St Longinus

Martyr (entered heaven sometime in the first century)

Dear Lonnie,

Unless I am mistaken, you leave tomorrow for your pilgrimage to Rome.  I do so hope you will keep me in your prayers as you visit those sacred sites.  Nothing would give me more pleasure than to be there with you, telling you all about the innumerable treasures of our faith to be found in the Eternal City.  But God has seen fit to send me on this other mission, and so I am sure he will take good care of you. While you visit the Basilica of St Peter, don’t forget to admire the remarkable (and often overlooked) sculpture of today’s saint; it’s in a niche under the northeast pillar of the dome.  It’s about fourteen feet high, so you really can’t miss it if you try to find it. The remarkable thing about it is the contrast. The figure is muscular and athletic, confident and strong, as any good Roman soldier should be. But the facial expression is full of confusion and amazement, doubt and wonder.  Here he was, on duty in Jerusalem on the first Good Friday. He and his buddies carry out the sentence of crucifixion and are waiting on the hill (Calvary) while the two thieves and our Lord die. Longinus must have had a sensitive soul, even though he was a rough and experienced soldier, because he noticed something different about Christ.  And when our Lord gave up his spirit and died, and the sun went dark, and the earth quaked, and all kinds of strange augers were unleashed (check out Matthew 27:51-54 for inspired details), Longinus let the grace of God enter his heart, and he believed in Jesus.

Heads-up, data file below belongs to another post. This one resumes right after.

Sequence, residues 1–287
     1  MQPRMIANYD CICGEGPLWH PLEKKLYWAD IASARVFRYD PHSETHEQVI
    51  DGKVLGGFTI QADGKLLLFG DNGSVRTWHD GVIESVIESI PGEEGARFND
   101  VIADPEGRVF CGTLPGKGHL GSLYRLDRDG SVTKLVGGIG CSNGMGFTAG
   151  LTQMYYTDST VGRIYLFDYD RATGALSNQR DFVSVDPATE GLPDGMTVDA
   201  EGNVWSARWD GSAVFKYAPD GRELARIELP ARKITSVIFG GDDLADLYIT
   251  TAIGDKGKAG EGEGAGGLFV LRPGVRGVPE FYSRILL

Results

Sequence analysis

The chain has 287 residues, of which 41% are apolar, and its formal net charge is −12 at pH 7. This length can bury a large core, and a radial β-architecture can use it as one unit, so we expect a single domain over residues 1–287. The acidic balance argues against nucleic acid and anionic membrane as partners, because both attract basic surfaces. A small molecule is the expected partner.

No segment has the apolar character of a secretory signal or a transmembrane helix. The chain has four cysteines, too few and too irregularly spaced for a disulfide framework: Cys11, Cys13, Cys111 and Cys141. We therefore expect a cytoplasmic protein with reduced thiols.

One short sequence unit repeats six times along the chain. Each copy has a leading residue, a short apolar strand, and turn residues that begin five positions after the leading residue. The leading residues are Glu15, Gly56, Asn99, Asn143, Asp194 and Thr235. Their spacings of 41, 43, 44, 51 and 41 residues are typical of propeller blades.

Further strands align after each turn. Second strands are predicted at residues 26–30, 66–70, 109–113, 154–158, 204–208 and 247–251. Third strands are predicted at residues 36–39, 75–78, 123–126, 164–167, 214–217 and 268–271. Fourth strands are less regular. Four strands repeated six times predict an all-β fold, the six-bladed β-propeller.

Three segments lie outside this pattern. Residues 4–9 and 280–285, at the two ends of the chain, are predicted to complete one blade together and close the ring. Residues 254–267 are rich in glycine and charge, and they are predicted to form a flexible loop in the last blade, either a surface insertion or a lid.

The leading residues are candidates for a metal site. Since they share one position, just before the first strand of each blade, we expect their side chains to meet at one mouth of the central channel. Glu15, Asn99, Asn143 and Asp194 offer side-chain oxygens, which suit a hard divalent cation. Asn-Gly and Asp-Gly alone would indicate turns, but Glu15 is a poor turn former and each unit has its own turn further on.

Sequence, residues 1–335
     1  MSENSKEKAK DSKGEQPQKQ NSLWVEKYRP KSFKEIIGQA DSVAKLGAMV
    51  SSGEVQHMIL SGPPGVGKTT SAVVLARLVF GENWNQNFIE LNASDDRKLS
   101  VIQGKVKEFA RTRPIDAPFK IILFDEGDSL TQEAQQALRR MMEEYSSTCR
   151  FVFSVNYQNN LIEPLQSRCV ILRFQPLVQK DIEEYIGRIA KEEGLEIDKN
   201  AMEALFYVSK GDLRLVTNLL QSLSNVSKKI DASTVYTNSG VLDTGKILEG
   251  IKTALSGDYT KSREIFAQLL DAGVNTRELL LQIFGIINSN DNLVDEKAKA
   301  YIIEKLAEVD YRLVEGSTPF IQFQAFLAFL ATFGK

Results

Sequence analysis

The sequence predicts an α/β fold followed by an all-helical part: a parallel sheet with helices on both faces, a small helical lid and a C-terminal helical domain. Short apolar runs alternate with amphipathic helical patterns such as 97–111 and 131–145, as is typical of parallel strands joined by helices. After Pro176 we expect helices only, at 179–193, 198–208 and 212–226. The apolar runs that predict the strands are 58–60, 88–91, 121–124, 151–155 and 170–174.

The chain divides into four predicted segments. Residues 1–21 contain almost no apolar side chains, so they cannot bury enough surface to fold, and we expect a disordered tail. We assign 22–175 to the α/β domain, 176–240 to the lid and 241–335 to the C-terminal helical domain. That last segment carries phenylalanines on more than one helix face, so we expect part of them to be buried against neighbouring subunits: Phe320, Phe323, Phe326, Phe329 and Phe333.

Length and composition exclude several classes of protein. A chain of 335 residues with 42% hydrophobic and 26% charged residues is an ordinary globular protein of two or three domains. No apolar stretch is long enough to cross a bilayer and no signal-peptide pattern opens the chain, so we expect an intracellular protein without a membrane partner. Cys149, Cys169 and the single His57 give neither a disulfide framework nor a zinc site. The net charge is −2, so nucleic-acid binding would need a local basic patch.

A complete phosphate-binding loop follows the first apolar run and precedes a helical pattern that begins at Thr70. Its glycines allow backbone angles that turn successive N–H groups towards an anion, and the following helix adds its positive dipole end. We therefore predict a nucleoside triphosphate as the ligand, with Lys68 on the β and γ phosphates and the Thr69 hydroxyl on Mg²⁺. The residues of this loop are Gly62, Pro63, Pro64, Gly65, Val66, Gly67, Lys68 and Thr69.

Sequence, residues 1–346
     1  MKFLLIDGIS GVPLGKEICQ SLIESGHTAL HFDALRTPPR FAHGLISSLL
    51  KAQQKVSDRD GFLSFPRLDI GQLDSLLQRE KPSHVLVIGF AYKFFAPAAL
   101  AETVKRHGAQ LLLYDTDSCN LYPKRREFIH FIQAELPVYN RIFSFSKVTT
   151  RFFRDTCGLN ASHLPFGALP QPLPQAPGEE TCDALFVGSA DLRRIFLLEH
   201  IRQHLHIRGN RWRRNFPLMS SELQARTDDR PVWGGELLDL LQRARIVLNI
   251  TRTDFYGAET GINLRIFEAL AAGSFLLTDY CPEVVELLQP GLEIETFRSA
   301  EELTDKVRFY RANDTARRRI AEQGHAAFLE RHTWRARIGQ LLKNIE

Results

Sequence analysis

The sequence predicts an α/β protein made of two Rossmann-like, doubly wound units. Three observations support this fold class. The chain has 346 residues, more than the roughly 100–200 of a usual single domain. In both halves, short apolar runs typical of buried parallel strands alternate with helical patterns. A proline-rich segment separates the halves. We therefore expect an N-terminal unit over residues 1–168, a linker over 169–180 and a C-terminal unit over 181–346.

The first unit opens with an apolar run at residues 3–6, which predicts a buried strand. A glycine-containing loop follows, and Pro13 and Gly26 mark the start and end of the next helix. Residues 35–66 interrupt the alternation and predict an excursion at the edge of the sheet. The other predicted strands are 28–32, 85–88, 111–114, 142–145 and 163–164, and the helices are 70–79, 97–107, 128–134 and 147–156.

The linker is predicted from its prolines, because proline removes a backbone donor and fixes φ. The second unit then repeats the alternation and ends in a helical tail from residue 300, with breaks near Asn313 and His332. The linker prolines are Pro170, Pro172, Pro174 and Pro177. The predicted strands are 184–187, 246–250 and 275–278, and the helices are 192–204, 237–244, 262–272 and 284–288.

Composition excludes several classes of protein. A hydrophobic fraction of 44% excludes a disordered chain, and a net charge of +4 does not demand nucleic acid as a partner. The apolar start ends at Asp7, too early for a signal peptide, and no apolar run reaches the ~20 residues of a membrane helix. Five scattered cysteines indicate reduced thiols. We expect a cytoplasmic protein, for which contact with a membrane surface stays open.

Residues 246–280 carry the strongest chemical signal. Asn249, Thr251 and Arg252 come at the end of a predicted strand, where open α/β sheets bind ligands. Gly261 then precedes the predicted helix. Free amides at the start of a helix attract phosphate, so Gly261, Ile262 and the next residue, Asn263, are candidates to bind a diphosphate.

Later, when they were ordered to take down the bodies, this same soldier took his spear and pierced the side of Jesus, to ensure that he was dead.  According to some sources, when the water and the blood flowed out of Jesus’ heart, some of the blood ran down the length of the spear and got on Longinus’s hands.  When he was cleaning it off, he got some of it on his eyes, which had long been going dim from cataracts. As soon as the precious blood touched them, his cataracts were healed, and he could see as clearly as ever.

The reason his statue occupies such a prominent place in St Peter’s Basilica is much debated.  Some attribute it to the fact that the tip of his spear was preserved and brought as a relic to Rome, and it was installed underneath this sculpture.  But many other relics were also brought to Rome. Why would they put this one under the dome of the most important church in the world? I think the reason is deeper.  The blood of Christ always symbolizes his love, his self-giving for our sake. This love of God for each of us is the source of our salvation, the source of God’s revelation, the source of our hope.  It is our light, and with that light, we come to see clearly the meaning of all things – including our own life. Just as Longinus’s fading vision was restored when he touch the Savior’s blood, so our weak and selfish hearts are given new life every time we receive that same blood in the Eucharist…

Anyway, don’t miss the wonderful sculpture, and don’t waste even the briefest moment of your pilgrimage – it’s the opportunity of a lifetime.

Your loving uncle, Eddy

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